I meet hundreds of talented artists and songwriters every month, some of who have attained widespread success in the music industry. I am often shocked by the high percentage of them who do not really know how the music industry works. It’s one thing to have a hit song, or songs. It’s quite another to know how to parlay that exposure and notoriety into a career! Many don’t know how to book themselves, or market their song catalog, or even register to receive all of the royalties they have coming to them.
If not knowing the business is a challenge for a world-renown artist or hit songwriter, just think of how much harder is it for an unsigned artist! Of course, there are many singers, musicians and songwriters who are happy just playing or writing music as a hobby. But if you are looking at making music your career, here are some reasons why it is important for you to study and be involved in the business side of your career just as much as you are on the performing or songwriting side:
- Missed opportunities: You miss out on advances in technology that can make your life simpler. You lose gigs that you would have found online. You lose out on licensing opportunities because you don’t know how to find them and/or submit your music to them. You lose potential endorsement deals because you’re not growing your fanbase with a tangible email list. You get trapped into being just the local bar band even though your talent could take you so much farther.
- Leaving money on the table: You may have money waiting for you at Sound Exchange but you don’t know who they are, what they do or why you should register with them. The same goes for the PROs, the Harry Fox, Agency, the musician’s union and even AFTRA. Your fans don’t know how to buy your music because it is not available in the most common online stores.
- Lack of credibility: Your peers who run their own music businesses effectively do not take you seriously. Music industry decision makers (record labels, managers etc.) don’t believe you ‘have what it takes’ because of your lack of music business knowledge, or;
- You are easily taken advantage of or exploited: I know hit writers who were swindled out of their catalogs. You don’t get paid what you’re worth because your management takes or spends too much. You get into bad deals or sign bad contracts because they look good to you. You make rookie mistakes like paying too much for recording, paying to have your songs published, getting song critiques from non-reputable sources etc. You get taken by a vanity record label.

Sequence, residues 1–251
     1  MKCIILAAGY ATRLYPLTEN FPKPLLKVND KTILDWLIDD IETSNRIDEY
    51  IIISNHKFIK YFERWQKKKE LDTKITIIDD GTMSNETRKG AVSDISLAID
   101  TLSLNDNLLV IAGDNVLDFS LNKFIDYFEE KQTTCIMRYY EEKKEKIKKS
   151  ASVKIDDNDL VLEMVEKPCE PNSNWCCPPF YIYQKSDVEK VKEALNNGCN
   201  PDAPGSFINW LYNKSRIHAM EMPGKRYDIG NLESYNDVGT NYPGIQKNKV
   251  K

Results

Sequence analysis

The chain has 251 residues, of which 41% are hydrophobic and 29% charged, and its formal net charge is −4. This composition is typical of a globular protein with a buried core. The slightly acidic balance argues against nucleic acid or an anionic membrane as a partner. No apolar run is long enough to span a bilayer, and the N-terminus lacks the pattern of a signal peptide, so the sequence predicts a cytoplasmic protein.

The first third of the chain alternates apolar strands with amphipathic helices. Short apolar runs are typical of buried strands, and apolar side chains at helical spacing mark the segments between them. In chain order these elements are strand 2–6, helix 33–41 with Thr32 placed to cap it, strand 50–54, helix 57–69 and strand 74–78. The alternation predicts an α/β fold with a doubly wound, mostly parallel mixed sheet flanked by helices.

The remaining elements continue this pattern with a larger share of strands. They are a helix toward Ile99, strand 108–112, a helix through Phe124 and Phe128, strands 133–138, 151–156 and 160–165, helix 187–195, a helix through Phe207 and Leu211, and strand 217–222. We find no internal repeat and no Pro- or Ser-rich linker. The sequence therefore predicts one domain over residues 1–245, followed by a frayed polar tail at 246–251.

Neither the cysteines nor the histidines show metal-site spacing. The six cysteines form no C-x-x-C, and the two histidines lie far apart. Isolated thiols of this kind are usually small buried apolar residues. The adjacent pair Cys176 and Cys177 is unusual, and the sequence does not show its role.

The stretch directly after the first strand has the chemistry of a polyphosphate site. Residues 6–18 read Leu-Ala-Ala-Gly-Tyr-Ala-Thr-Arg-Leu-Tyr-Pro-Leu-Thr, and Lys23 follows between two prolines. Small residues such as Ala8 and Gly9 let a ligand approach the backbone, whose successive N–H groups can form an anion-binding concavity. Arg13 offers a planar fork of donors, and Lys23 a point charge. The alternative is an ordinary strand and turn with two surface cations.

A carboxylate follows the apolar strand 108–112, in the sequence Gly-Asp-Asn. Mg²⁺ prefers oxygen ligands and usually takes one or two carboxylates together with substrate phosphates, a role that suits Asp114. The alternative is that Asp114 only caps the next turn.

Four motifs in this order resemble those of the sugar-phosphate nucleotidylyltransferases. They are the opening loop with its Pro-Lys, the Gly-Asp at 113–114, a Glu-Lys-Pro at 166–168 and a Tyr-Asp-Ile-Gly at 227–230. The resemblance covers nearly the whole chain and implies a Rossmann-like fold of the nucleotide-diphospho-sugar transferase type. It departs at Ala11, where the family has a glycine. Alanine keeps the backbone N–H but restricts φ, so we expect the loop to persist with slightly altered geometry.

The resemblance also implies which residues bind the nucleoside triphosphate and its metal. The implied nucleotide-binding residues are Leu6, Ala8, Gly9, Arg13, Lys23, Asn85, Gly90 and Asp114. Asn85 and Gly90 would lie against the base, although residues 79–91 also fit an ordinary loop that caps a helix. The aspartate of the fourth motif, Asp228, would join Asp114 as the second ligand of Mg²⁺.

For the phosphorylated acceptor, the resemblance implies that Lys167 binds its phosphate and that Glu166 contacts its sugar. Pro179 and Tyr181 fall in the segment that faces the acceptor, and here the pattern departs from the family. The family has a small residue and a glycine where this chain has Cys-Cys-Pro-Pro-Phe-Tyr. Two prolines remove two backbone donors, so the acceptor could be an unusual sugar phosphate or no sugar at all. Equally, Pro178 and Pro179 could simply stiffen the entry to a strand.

- Failure to communicate: You are left out of high-level industry conversations because you can’t add anything to them or discuss them intelligently. You can’t negotiate the best deals because you don’t have the leverage. You don’t understand what your peers are talking about.
- Lost income: You don’t get the best gigs because you don’t know how to pursue them. Your songs aren’t cut because you don’t know how to promote them effectively. Your music isn’t in film and TV because you don’t know how to license them.
- Losing money that you earn(ed): You squander away your money. You make bad investments. You get involved financially in deals that are over your head. Your management loses your money for you.
- Bad business decisions: You sign bad contracts or management deals. You sign your songs over to a publisher for life. You don’t know how to get out of bad contracts. You hire an attorney who is not familiar with entertainment law to review and negotiate your contracts. You take gigs on which you ultimately lose money. You pay too much for things that shouldn’t cost you much, if anything.
- Inability to monitor your business: You don’t know if your manager is taking you for a ride. You don’t know if your publisher is actually working on your behalf. You don’t know how much money you really should have.